If you're new to nature study, it's important to build nature study into your routine and make a point of sticking with it until it becomes a habit. You know what I'm talking about. I start out every week with the best of intentions, but somehow, things happen and important things like nature study go by the wayside. While you're getting into a groove, make sure nature study happens, even if it means math (gasp!) slips a little.
Here are some things to try:
Spend some time outside every day. In a session on high school science at the Charlotte Mason Institute Conference a couple of years ago, the speaker told us she went outside every morning with her coffee and just observed. When she was done, she came back inside and recorded what she'd seen and heard in her nature journal. What a great way to record the seasons!
Depending on where you live, you might have to get creative at certain times of the year. In North Carolina, it's extremely hot and humid in the summer. My fair-skinned redheaded beauties just cannot be outside during the hottest parts of the day. We have to go out in the early morning if we're going to go out at all. We can be outside nearly all winter, though, and some of you who live in colder places will have to think about how to get outside when it's really cold, even if just for a few minutes each day.
Schedule a topic for weekly, purposeful nature study. Nature study is different than a nature walk, Ambleside Online has a schedule laid out on their Nature Study page, and they have links to great information there. The Handbook of Nature Study website has the Outdoor Hour Challenges, and are a nice way to structure your studies.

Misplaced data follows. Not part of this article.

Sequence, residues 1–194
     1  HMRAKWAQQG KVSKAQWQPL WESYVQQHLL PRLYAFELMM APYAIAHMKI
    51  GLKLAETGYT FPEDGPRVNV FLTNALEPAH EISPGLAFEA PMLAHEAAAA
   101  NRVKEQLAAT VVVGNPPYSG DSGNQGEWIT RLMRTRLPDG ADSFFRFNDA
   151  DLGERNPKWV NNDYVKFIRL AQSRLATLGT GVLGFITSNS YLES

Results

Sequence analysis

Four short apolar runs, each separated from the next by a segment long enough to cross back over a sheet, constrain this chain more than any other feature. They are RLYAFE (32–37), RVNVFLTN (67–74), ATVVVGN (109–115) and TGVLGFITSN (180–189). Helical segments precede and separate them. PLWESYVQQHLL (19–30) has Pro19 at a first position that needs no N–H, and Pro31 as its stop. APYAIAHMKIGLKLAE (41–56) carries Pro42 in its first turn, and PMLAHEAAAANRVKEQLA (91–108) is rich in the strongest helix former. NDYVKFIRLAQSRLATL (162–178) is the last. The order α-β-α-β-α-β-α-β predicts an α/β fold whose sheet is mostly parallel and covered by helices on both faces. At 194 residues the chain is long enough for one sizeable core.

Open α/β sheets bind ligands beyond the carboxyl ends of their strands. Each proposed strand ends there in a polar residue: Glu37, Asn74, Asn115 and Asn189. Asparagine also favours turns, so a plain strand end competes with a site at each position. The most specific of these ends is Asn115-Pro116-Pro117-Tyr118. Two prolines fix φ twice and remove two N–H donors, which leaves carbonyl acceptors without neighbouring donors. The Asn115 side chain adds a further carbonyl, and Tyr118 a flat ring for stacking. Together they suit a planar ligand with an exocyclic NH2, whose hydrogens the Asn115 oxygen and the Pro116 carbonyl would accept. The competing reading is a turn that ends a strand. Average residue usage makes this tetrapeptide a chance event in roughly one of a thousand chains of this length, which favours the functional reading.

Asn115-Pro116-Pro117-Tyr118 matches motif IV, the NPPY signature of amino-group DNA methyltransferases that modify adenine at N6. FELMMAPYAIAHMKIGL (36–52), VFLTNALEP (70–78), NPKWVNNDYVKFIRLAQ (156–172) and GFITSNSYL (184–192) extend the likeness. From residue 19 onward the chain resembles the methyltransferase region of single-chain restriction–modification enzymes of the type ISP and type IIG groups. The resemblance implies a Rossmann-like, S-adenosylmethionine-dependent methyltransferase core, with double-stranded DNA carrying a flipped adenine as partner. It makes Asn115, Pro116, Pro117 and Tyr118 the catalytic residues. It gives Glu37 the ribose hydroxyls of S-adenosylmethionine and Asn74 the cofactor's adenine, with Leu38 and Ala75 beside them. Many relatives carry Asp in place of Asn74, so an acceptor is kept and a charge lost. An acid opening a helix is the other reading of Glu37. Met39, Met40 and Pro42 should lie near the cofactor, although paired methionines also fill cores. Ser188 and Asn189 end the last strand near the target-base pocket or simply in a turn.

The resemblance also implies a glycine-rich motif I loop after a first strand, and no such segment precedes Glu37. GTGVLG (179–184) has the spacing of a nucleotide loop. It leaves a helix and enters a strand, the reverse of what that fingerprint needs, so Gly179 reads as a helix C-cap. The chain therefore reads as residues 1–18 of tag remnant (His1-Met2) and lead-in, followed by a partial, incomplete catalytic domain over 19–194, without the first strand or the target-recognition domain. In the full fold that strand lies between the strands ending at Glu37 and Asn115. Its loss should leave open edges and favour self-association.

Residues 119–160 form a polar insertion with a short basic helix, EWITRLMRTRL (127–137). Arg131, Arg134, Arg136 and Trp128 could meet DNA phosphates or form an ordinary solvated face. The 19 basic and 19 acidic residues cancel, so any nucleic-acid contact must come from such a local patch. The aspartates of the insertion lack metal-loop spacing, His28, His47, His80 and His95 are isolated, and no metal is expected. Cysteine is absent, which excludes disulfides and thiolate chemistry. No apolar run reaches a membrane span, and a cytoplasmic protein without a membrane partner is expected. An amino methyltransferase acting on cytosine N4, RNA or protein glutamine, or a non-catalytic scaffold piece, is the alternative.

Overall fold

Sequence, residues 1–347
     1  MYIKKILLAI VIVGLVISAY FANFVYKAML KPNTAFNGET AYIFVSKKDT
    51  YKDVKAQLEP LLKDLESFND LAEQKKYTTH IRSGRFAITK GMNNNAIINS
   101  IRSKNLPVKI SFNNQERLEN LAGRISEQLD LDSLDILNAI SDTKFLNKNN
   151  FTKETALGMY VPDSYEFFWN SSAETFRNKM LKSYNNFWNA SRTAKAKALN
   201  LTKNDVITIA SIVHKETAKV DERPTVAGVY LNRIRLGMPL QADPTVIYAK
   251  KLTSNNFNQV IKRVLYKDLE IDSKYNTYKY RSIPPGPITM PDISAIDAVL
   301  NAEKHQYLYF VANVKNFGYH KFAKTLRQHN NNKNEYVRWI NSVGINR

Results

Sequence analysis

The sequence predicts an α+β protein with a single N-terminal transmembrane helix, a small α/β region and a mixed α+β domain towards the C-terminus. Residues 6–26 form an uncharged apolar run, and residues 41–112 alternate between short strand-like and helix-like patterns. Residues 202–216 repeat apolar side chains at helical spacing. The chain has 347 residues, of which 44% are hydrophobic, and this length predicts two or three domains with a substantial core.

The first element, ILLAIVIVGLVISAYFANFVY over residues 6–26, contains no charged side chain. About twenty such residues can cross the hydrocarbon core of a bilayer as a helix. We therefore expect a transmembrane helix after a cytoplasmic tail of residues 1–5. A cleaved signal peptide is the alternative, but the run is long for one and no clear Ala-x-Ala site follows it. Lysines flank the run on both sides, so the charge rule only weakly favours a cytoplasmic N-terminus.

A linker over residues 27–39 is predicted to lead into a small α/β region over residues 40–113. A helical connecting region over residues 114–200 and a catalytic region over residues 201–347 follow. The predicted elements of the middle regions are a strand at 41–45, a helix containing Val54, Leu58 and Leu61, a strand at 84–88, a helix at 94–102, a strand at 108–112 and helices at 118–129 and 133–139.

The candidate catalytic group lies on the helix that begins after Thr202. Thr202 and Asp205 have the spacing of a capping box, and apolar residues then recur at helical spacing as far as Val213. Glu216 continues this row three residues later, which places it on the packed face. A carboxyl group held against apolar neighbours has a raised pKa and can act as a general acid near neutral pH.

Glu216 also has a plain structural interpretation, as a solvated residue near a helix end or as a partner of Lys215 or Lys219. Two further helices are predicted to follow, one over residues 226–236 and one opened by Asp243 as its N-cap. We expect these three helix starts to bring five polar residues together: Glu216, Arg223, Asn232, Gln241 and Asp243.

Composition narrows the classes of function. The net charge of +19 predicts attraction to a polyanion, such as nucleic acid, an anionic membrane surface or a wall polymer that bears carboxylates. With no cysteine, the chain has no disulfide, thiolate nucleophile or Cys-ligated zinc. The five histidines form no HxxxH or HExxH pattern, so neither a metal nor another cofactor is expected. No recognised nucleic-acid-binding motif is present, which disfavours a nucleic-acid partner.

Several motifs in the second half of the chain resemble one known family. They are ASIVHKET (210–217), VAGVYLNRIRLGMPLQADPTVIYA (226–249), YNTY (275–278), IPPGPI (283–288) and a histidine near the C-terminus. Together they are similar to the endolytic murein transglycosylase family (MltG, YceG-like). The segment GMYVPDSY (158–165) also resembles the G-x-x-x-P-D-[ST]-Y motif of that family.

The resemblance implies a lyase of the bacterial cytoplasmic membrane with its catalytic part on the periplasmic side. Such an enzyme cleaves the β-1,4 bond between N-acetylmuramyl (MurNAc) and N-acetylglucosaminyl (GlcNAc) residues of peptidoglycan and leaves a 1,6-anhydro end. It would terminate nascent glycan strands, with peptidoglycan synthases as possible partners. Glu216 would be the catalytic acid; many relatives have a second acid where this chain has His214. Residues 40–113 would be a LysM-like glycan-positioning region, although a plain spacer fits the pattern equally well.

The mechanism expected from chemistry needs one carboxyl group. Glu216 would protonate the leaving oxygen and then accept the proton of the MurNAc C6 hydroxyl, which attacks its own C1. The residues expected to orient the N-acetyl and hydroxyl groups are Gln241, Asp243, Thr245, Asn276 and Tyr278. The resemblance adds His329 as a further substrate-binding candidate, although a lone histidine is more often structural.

or being outside to see what you might find. You want to choose a topic and focus on that for a term. The easiest beginning study is probably birds. Birds live wherever you are. You can put up a small feeder and see who comes to visit. You could spend an entire year on birds alone!
Find a new place. Is there a park close by? A pond or stream? Can you get to a nature preserve or botanical gardens? Perhaps there is a science museum with a butterfly house you can visit. It's worth making a special trip. Consider choosing one place and really get to know it throughout the year. What blooms, and when? What animals do you see? Are their migratory birds that only appear in the spring or fall?
Adopt a tree or two or three for the year. What's in your yard, or nearby? Trees make a great nature study subject, because they change with every season, and they don't move. Learn what kinds of trees you have, what their bark looks like, when their leaves come out, what kind of flowers they have, what their seeds are...
Mark off a specific spot in your yard, 1'x1', and observe what happens there throughout the seasons. What do you find there? Bugs? Grass? Flowers? Check out this Squidoo lens for ideas.
I hope you've enjoyed our brief foray into the wonderful world of nature study. I will be sharing more on this topic soon. I hope you'll join me and share what you're doing!
Don't forget to check out some the other participants in the 5 Days Blog Hop:
Aurie @ Our Good Life ~ Photography Tips and Tricks
Dinah @ The Traveling Classroom ~ Tips for Learning a Second Language
Julie @ Nurturing Learning ~ Art Resources
Tara @ This Sweet Life ~ Preparing for a New School Year
Sara @ Embracing Destiny ~ Purposeful Living
Rebekah @ There Will Be A $5 Charge for Whining ~ Culinary Adventures for Boys
Beth @ Ozark Ramblings ~ Photoshop Elements for Homeschool
Hillary @ Our Homeschool Studio ~ Fitting in the Extras
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